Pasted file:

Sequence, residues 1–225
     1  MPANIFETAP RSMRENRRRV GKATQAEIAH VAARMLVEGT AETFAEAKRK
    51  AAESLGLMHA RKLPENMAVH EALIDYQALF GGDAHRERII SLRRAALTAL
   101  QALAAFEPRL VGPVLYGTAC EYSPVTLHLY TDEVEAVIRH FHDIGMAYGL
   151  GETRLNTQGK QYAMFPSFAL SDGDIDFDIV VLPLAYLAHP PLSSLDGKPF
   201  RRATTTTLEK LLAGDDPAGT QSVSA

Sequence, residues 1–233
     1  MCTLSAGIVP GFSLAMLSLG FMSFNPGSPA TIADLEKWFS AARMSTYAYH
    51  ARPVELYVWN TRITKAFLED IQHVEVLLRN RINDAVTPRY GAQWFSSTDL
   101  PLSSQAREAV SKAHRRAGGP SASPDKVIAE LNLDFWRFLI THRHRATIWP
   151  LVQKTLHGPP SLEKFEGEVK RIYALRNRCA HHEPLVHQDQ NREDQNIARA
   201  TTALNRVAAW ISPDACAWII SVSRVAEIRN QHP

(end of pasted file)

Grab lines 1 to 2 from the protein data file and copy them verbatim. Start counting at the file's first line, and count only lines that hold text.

Sequence, residues 1–225
     1  MPANIFETAP RSMRENRRRV GKATQAEIAH VAARMLVEGT AETFAEAKRK